A feature of this circuit is zero static power in the transmitter. Unlike the schemes which prohibit DC content at the source, in the present invention the transmission-line current quickly and beneficially falls to zero when a continuous string of zeros or ones is sent.

Single-Ended Implementation

The example given has been for a differential signaling format. An equivalent single-ended system is straightforward and can potentially increase bandwidth or reduce pin count. Most of the signal integrity advantages attributable to differential systems are achieved here by AC coupling and low-frequency rejection of the highpass filter(s). To refute the generally held belief that differential is the only way to achieve low noise, it should be noted that Low-noise RF sources have historically always been single-ended while the noise immunity is achieved via the frequency selectivity of the RF circuit. Commercial Ultra-low AM and PM noise frequency synthesizers universally use 50 ohm coaxial single-ended cable and connectors.

A single pole RC highpass filter is shown, but a multi-pole RC or other kind of filter can be used. Low frequency noise is totally unimportant. Again, note that this is not a differentiator, the time-constant is generally not much less than 1 bit time or higher.

FIG. 15C shows the circuitry needed for single-ended receiver. In the preferred implementation, a design without resistors and utilizing matched transistors has four main parts, (i) an active resistance device 820, (ii) a first inverting transconductance amplification element 822, (iii) a feedback path for hysteresis 824 a, b, and (iv) second inverting transconductance amplification element 826. The second inverting transconductance amplification element 826 is optional and helps to bring the received signals to full logic levels. An active resistance device 820, such as a self-biased CMOS inverter (the output of the inverter is connected to the input), is used to implement the input “resistor.” The resistor works with the input coupling capacitor 828 (probably on-chip) to form a single pole highpass filter. A self-biased CMOS inverter (such sa 820) has a stable voltage point that is approximately ½ VDD, but the resistance looking into the common output/feedback node is 1/gm of the devices, where gm is the transconductance of the transistor. This resistance is typically 550 ohms with the transistor sizes shown. Therefore, the highpass filter has a pole at 1/RC=1/(550×0.6 pF)□0.5 GHz. In one embodiment, the first and second inverting transconductance amplification elements 822, 826 are first and second CMOS inverters. The first CMOS inverter 822 has a standard inverter configuration with fairly large transistors. The feedback transistors 824 b in the feedback path, smaller in size than those in the first inverter, have a standard inverter configuration and create hysteresis around the threshold of the self-biased inverter. The second inverter 826 is configured to boost the rxampl signal to a full swing logic at the rx output in order to drive a flip-flop D input (not shown). The self-bias and input filter also help to reject power supply noise.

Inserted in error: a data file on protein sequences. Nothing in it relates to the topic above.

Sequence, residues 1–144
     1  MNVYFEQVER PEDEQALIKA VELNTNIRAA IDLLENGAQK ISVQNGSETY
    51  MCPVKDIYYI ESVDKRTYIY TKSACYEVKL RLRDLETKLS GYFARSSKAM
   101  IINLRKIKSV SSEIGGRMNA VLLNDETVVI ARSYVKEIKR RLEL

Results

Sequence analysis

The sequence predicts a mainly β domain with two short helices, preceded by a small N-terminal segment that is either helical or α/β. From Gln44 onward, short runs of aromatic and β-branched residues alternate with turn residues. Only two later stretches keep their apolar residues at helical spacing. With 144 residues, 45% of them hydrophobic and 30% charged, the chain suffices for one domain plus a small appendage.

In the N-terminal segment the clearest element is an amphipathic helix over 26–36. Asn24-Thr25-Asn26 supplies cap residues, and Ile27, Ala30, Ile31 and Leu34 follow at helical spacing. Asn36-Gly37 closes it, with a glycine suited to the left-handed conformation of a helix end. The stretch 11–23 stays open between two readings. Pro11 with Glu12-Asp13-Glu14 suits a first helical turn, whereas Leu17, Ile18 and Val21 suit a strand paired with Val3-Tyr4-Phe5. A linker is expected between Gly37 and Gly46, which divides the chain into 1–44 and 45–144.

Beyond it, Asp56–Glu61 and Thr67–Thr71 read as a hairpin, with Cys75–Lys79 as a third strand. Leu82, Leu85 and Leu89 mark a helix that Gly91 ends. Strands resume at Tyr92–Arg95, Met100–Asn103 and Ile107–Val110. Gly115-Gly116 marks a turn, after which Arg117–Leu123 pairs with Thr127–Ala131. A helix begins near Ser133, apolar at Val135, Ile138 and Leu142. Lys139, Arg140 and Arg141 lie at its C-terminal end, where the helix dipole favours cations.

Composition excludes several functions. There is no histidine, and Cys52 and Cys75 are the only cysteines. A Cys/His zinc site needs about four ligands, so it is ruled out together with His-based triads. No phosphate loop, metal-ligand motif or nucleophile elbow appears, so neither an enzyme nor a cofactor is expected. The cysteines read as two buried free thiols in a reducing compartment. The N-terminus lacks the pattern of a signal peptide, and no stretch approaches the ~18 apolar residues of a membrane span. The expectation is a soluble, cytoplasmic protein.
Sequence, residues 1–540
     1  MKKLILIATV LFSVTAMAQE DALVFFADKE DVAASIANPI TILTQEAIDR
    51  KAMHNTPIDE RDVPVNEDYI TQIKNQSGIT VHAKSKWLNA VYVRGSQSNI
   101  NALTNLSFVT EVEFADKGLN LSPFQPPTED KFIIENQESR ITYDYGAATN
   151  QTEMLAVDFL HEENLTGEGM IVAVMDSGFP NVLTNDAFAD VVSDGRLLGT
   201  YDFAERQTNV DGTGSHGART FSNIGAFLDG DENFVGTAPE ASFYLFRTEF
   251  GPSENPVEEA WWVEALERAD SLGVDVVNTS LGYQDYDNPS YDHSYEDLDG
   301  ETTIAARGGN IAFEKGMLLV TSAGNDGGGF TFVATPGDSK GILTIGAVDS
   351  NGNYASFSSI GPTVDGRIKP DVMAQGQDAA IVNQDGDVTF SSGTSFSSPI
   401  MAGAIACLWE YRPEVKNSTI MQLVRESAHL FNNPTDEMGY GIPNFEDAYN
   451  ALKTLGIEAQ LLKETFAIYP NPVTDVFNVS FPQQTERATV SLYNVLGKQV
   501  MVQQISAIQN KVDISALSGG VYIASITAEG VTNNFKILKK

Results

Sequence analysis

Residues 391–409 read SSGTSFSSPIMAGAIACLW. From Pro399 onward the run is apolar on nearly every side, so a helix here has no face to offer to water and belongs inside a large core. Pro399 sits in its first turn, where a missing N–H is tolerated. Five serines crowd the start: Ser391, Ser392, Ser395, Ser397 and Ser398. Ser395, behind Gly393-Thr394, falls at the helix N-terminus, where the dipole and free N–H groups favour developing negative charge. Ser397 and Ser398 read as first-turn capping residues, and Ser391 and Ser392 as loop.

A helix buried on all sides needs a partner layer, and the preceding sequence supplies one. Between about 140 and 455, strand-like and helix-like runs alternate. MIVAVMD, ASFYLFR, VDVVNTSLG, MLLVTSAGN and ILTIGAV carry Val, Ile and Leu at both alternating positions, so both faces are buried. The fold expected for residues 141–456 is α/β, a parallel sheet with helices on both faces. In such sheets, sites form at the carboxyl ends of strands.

Although the present invention has been described in considerable detail with reference to certain preferred versions thereof, other versions are possible. Therefore, the spirit and scope of the appended claims should not be limited to the description of the preferred versions contained herein.

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Classifications
U.S. Classification341/155, 331/17
International ClassificationH03M1/12
Cooperative ClassificationG04F10/005, H03M1/56, H03M1/1215
European ClassificationG04F10/00T, H03M1/56